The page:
Probably the most popular route to the Kramerspitz summit is via the St Martin Hutte at Grasberg. A steady and continuous climb past the hut until the steep section starts at around 1450m. Some small exposed sections and a few sections with a fixed wire rope that are easy enough for any mountain hiker.
The route starts close to Garmisch-Partenkirchen and the hutte claims to have no rest day, hence the popularity of the route. It is often combined with a descent via the Stepbergalm, (to the West of the summit).
Whilst there are some undulations after the saddle is reached at 1740m, there are none before that. So if descending this route there is the delight of a continuous and unbroken downhill walk for over 1000m of height until the valley floor is reached when returning!
A short walk from the center of Garmisch-Partenkirchen will get you to Thomas Knorr Strasse. There is a also a bus stop with that name on the route out to Burgrain and Farchant, (don't take the service that goes via the Wank mountain as that is on the other side of town). This service is run by the local town and runs from early until late at quite frequent intervals, (at most hourly, often more frequently).
Important left turn just above 1450m
From the Thomas Knorr Strasse near the main road between Garmisch-Partenkirchen and Burgrain head West through the suburbs for a short distance onto the forest road to the hutte at St Martin, Grasberg. Initially tarmac the road soon becomes gravel and climbs at a steady pace to the hutte where a narrower track takes over. This continues up at a comfortable grade, crossing a small wooden bridge and then passes the little viewing platform at 1238m. The track passes along a ledge here giving some exposure.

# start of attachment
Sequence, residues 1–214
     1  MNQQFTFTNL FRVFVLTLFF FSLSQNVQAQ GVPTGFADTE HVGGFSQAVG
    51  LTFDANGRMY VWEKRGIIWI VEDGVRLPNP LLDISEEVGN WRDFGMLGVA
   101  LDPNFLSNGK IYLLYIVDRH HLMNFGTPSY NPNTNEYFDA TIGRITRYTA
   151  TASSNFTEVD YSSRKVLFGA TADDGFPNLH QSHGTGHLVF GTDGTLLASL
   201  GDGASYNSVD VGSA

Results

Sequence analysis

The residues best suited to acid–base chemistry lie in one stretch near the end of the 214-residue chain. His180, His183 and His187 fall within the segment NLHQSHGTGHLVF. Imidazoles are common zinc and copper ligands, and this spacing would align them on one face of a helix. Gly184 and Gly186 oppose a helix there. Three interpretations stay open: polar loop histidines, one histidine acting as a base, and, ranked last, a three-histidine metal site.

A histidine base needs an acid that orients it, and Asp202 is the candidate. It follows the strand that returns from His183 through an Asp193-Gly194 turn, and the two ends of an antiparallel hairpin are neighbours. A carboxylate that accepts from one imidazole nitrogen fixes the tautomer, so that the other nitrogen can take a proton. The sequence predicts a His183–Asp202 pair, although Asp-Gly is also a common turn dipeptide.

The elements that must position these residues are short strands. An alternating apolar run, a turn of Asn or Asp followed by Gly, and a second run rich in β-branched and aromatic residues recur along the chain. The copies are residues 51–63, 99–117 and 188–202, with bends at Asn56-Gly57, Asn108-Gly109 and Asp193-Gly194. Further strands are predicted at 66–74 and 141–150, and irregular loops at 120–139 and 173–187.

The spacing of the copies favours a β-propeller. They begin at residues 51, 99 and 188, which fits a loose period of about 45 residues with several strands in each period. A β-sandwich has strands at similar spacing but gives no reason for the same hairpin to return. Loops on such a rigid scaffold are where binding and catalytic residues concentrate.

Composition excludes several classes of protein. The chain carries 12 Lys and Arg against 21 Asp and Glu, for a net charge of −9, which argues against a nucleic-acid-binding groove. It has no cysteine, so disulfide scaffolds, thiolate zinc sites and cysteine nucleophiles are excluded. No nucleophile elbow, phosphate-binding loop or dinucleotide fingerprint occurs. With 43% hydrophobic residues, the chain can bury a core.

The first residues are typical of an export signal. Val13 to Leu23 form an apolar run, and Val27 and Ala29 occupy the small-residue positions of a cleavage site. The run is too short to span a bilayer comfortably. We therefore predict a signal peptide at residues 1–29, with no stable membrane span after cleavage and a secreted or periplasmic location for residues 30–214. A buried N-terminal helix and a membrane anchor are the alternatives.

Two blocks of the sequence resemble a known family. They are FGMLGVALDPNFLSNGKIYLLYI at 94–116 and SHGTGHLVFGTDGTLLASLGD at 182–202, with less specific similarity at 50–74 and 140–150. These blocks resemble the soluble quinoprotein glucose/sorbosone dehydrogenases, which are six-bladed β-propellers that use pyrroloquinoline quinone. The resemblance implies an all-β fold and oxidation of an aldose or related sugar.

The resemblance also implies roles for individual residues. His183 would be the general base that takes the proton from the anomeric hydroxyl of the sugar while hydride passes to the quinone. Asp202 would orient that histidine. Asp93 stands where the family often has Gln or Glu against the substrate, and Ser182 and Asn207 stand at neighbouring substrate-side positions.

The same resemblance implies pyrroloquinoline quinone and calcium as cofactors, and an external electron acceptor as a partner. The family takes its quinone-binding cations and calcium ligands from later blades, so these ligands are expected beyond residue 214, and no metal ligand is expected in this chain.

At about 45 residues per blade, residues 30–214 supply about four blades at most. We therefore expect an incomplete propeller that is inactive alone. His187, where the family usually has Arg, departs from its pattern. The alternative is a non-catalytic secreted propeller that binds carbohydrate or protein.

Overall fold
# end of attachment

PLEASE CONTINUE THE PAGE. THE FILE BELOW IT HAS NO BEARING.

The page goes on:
At just above 1450m the main track turns North towards the Königstand, and a narrow and now quite steep track leaves to the South. It is marked only by a small wooden sign on a tree facing the track up from the valley. This is the route up to the saddle at around 1740m, and becomes rocky and stony with a couple of sections with a fixed wire rope. Views become magnificent as the taller trees give way to dwarf pines. At the saddle a short track to the East leads to the summit of the Katzenkopf at 1817m, (superb afternoon views down to and across the valley), whilst the path to the main summit heads generally West. Some undulations start here, with one significant and very steep descent, (no fixed wire rope!), before the track heads around to the North of the summit and crosses a steep field of scree and loose stones etc.
The climb continues with the summit cross, which is on top of a final steep section, being approached from the North. The actual summit is a few metres behind and just to the North of the cross.
Those less experienced in the mountains might feel happier about scrambling a few of the sections, (I did!), but the majority of experienced mountain hikers will just walk this route untroubled by the steeper sections.
Standard hiking gear including decent boots to cope with the loose rocks and stones crossed later on. Take plenty of water as the St Martin Hutte is not open all day and is quite low down on the trail, (1028m). No water sources were seen on the mountain.
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